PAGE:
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Genetics of Hyperammonemia-Hyperornithinemia-Homocitrullinuria (HHH) Syndrome Follow-up

  • Author: Richard E Frye, MD, PhD; Chief Editor: Maria Descartes, MD  more...
Updated: Oct 28, 2015

Further Outpatient Care

Annual ophthalmologic examinations and electroretinography are often recommended in patients with hyperornithinemia-hyperammonemia-homocitrullinuria (HHH) syndrome.

Growth and developmental milestones need to be closely monitored.

Follow-up should be approached with a comprehensive development team.

A dietary log helps to track total daily protein ingestion.

Ammonia, liver transaminases, and ornithine levels should be periodically monitored, especially after changing or starting diet or supplement therapy.



Hyperornithinemia-hyperammonemia-homocitrullinuria syndrome may be diagnosed in first trimester by studying the incorporation of [14C]ornithine into proteins of chorionic villi cells. Although this is theoretically possible, it has never been reported in the literature.

Amniocytes demonstrate decreased incorporation of [14C]ornithine, but amniotic fluid amino acid levels are normal.

Because neonatal ornithine levels may be normal, especially if the patient is asymptomatic, these levels cannot be used to screen neonates for this disorder.



Growth improves with treatment.

Pregnancy is possible. A woman with hyperornithinemia-hyperammonemia-homocitrullinuria syndrome gave birth to a healthy baby on a diet that consisted of 1 g/kg of protein per day.

Some patients do not respond to diet therapy.

One case of rapidly progressive deterioration after formula feeding, leading to neonatal death, has been reported.

Older patients may develop progressive disease, but patients who have had good neurologic and cognitive function into adulthood have been reported. Abnormalities in the central and peripheral nervous systems in older patients can be detected using electrophysiologic tests (see Other Tests). The following manifestations can also occur:

  • Irritability, opposition, and aggressiveness, suggesting a conduct disorder
  • Lower IQ score (ie, in the mildly mentally retarded range)
Contributor Information and Disclosures

Richard E Frye, MD, PhD Associate Professor, Department of Pediatrics, University of Arkansas for Medical Sciences

Richard E Frye, MD, PhD is a member of the following medical societies: American Academy of Neurology, Child Neurology Society, International Neuropsychological Society, American Academy of Pediatrics

Disclosure: Nothing to disclose.


Paul J Benke, MD, PhD Director of Clinical Genetics, Joe DiMaggio Children's Hospital

Paul J Benke, MD, PhD is a member of the following medical societies: American Society of Human Genetics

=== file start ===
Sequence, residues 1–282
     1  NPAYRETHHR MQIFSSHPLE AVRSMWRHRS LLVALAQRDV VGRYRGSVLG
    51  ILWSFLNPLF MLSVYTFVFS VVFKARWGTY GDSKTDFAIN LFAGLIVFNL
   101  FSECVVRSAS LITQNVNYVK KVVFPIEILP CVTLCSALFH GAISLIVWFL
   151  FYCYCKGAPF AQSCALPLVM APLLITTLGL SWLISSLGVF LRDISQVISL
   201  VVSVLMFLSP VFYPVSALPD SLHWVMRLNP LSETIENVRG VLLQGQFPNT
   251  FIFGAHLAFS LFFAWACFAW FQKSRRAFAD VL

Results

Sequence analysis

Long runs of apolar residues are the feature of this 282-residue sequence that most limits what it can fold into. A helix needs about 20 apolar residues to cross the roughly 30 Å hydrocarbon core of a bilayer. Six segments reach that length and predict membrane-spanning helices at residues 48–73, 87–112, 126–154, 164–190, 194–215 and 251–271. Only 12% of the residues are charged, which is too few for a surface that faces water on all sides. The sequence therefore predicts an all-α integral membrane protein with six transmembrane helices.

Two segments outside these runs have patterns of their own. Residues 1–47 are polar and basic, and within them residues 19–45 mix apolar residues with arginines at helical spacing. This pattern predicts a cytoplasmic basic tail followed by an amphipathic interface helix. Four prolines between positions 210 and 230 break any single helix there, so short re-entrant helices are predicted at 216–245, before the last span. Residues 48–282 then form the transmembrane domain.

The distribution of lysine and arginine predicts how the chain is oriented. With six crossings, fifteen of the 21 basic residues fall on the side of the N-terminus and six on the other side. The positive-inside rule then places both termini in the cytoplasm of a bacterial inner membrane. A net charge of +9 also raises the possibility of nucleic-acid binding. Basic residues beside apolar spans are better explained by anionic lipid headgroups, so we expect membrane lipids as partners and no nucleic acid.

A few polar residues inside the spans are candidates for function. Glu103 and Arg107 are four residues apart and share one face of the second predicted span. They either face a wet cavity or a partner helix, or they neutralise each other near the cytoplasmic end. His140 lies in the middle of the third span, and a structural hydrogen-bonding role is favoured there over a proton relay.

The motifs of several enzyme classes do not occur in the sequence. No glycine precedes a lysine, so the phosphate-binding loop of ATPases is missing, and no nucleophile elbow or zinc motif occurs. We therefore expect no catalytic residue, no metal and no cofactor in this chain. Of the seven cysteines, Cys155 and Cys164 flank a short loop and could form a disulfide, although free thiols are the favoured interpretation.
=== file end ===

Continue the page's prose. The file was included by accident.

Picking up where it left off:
Disclosure: Nothing to disclose.

Specialty Editor Board

Mary L Windle, PharmD Adjunct Associate Professor, University of Nebraska Medical Center College of Pharmacy; Editor-in-Chief, Medscape Drug Reference

Disclosure: Nothing to disclose.

Chief Editor

Maria Descartes, MD Professor, Department of Human Genetics and Department of Pediatrics, University of Alabama at Birmingham School of Medicine

Maria Descartes, MD is a member of the following medical societies: American Academy of Pediatrics, American College of Medical Genetics and Genomics, American Medical Association, American Society of Human Genetics, Society for Inherited Metabolic Disorders, International Skeletal Dysplasia Society, Southeastern Regional Genetics Group

Disclosure: Nothing to disclose.

Additional Contributors

Robert D Steiner, MD Chief Medical Officer, Acer Therapeutics; Clinical Professor, University of Wisconsin School of Medicine and Public Health

Robert D Steiner, MD is a member of the following medical societies: American Academy of Pediatrics, American Association for the Advancement of Science, American College of Medical Genetics and Genomics, American Society of Human Genetics, Society for Inherited Metabolic Disorders, Society for Pediatric Research, Society for the Study of Inborn Errors of Metabolism

Disclosure: Serve(d) as a director, officer, partner, employee, advisor, consultant or trustee for: Acer Therapeutics; Retrophin; Raptor Pharma; Veritas Genetics; Censa Pharma<br/>Received income in an amount equal to or greater than $250 from: Acer Therapeutics; Retrophin; Raptor Pharma; Censa Pharma.

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Important products and enzymes in ornithine metabolism (see text for pathway detail). Enzymes and transporters are highlighted in italics.
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